Without risk, life is tame, and I am not interested in tame.  In order to cross a dangerous river, metaphorically speaking, I must risk being out in the open.  There is safety in just looking, but just looking is not enough.  The eyes that look back from the bush are all my own.  This is me watching me, and I cannot pretend they’re not there.  For a life to be really lived, the dangers must be faced.  We all meet our own croc-infested rivers, at some point, and we would do anything to avoid a crossing.  Let’s stay safe, we say, up here, away from all those nasty eyes and teeth, from all those things I know I could do, from the inner changes I need to make, and then to work on, but the river still rises in response to the rain in our minds, however much we try to turn away.  Circumstances always change without our permission and the river divides us from ourselves if we just stay here in the safe place.

What does that mean?  I think it means we don’t risk crossing it because we cannot know, from the safe place, what opportunities lie on the other side.  We can’t see anything, so there must be nothing, but nothing is something.  It’s just hidden from our view.  Yes, going down there, moving into the lazy, deep and potentially dangerous flow of our own river, is a risk.  A huge risk. But life is a wild, crazy, unpredictable risk.

Or it’s nothing at all.

Island Blog – Space

Today the photography volunteers have been given the name of their project.  Minimalism.  I watch them wander around the reserve, deep in thought, eyes looking down, eyes looking up, looking out, thinking in.  What does minimalism mean to me?  Is it this leaf in a dustbowl, or that emerald green gecko shinning up a fat brown tree?  What do I hear while I seek my subject?  What do I feel, how do I feel?  Someone hunkers down to take a picture of an attention bell, one of those ping things that sit at reception when reception has popped out for a pee.  She places it carefully on the wide stone floor and crouches down to get it right.  I see the bell, tiny in such a lot of negative space.  From above it certainly is minimalism.  A child’s boat in a great stone ocean.  From down there, where she is, the bell becomes huge and the stone ocean goes on for ever, or, at least, until it meets the wall.

At art school we were required to work on negative space.  I hadn’t a scooby what that was, thinking it was something dodgy, the opposite of positive space, if, indeed that’s not an oxymoron. I found it extremely difficult at first, looking at what wasn’t there, the space in between the things that were.  We had to look, see, draw the spaces, not the jugs or benches or trees or parked cars.  All I could see was physical presence until, eversoslowly, just as my eyeballs threatened early closing, I got it, saw it and it was huge.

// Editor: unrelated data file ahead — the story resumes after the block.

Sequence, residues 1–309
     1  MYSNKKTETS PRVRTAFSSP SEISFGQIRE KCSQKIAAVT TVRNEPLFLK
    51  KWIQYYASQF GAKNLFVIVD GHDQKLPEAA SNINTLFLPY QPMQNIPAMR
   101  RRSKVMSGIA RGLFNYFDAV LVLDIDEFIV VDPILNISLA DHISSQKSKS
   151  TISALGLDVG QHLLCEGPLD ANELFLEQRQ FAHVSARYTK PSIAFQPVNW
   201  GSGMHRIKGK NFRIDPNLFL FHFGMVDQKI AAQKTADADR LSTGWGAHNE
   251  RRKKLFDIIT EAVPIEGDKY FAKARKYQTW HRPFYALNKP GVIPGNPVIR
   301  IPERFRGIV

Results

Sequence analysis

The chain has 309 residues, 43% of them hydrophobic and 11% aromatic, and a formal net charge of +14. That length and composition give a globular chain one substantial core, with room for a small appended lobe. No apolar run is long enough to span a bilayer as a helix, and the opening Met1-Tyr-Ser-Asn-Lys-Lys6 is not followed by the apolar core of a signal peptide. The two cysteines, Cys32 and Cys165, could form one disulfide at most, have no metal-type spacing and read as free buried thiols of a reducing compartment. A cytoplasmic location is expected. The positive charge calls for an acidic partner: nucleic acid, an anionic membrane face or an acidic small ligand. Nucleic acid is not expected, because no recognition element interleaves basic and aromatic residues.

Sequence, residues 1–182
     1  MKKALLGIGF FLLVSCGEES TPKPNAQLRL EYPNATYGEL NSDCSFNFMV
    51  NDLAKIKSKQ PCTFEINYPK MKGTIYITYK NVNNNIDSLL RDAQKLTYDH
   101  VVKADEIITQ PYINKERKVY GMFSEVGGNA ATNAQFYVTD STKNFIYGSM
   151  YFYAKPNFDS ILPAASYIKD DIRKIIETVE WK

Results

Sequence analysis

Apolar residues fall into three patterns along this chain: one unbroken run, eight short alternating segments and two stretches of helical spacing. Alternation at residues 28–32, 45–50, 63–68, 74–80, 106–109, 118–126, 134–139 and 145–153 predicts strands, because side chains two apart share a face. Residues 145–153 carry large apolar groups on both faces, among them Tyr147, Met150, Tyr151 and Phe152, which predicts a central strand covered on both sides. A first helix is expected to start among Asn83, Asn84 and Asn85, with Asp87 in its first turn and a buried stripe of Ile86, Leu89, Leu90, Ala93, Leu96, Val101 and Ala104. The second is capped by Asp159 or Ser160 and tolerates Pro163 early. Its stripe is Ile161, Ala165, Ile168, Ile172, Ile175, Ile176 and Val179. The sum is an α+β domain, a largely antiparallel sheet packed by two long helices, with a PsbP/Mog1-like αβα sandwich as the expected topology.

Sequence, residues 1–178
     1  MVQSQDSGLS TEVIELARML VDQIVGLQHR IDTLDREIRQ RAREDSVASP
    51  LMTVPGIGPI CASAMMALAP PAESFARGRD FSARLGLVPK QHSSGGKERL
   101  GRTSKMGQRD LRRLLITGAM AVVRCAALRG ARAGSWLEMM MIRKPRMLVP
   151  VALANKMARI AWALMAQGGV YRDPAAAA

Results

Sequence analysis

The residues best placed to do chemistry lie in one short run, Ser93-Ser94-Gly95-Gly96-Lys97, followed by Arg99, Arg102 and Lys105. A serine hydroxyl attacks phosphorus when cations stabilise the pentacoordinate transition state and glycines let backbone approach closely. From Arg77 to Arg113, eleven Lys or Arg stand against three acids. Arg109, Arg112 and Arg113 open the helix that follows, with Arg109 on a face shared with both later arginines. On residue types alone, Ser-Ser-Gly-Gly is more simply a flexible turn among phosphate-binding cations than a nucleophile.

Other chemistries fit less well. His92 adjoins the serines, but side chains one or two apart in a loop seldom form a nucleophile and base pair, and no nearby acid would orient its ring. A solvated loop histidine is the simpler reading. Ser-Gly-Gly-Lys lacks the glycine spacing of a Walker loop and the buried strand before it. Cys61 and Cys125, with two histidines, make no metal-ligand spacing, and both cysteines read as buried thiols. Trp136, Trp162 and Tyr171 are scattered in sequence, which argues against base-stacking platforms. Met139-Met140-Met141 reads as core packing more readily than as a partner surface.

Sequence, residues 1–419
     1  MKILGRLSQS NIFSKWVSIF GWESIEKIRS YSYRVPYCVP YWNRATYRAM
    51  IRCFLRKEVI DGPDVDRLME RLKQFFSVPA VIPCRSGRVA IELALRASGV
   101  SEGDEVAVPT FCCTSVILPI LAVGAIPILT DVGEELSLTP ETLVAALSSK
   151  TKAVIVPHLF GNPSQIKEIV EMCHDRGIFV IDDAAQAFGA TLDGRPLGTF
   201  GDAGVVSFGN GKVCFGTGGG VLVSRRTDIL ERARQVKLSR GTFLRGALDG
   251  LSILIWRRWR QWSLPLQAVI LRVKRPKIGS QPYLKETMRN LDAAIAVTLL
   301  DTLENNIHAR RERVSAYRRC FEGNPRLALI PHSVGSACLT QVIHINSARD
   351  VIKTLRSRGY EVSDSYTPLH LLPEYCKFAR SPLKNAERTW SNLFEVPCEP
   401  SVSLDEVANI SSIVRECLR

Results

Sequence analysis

My understanding of opposites can often be This or That.  I forget there are many miles in between the two, many colours, hues, options.  Inhabiting that space is something I need to re-train my mind to work with.  A physical life requires certain choices between This and That and decisions are based on what I see, what is available, what is acceptable in any given moment.   We like routine, most of us, known quantities of things fixable and in good working order, things we use in our daily lives.  There is, after all, a time and place for everything, is there not? I want a positive space to live in, one that protects me, mostly, from myself, one that nurtures, one I can see clearly and understand.

At home, I would call those times of deep internal unrest, negative space.  Instead of really looking into that space, seeing it for what it is and allowing it just to be, I feel that I need to colour it in with my own pack of crayons.  I need to get busy, sweep the floor, cook something, change a bed, anything that gives me good grasp of the positive, the physical. What I can touch reassures me.  At least, over these things, I have control. That awful empty space back there, the one I just ran away from, the one full of unhappy thoughts and doubts and fears, well I sincerely hope that, by the time I descend the stairs, it has flown out the window.  Go pray on someone else you horrid negative space.  I’m fine now, with my pinny on and not long till lunch and the aftermath of dishes and cups to wash and dry.  When I focus on the tasks ahead of me, I can feel the calm.  There is always something to be done, after all, something that demands straightening, or mending, or wiping down, and once collected in an orderly fashion inside my mind, I am happy again. I am safe.  this life is just fine.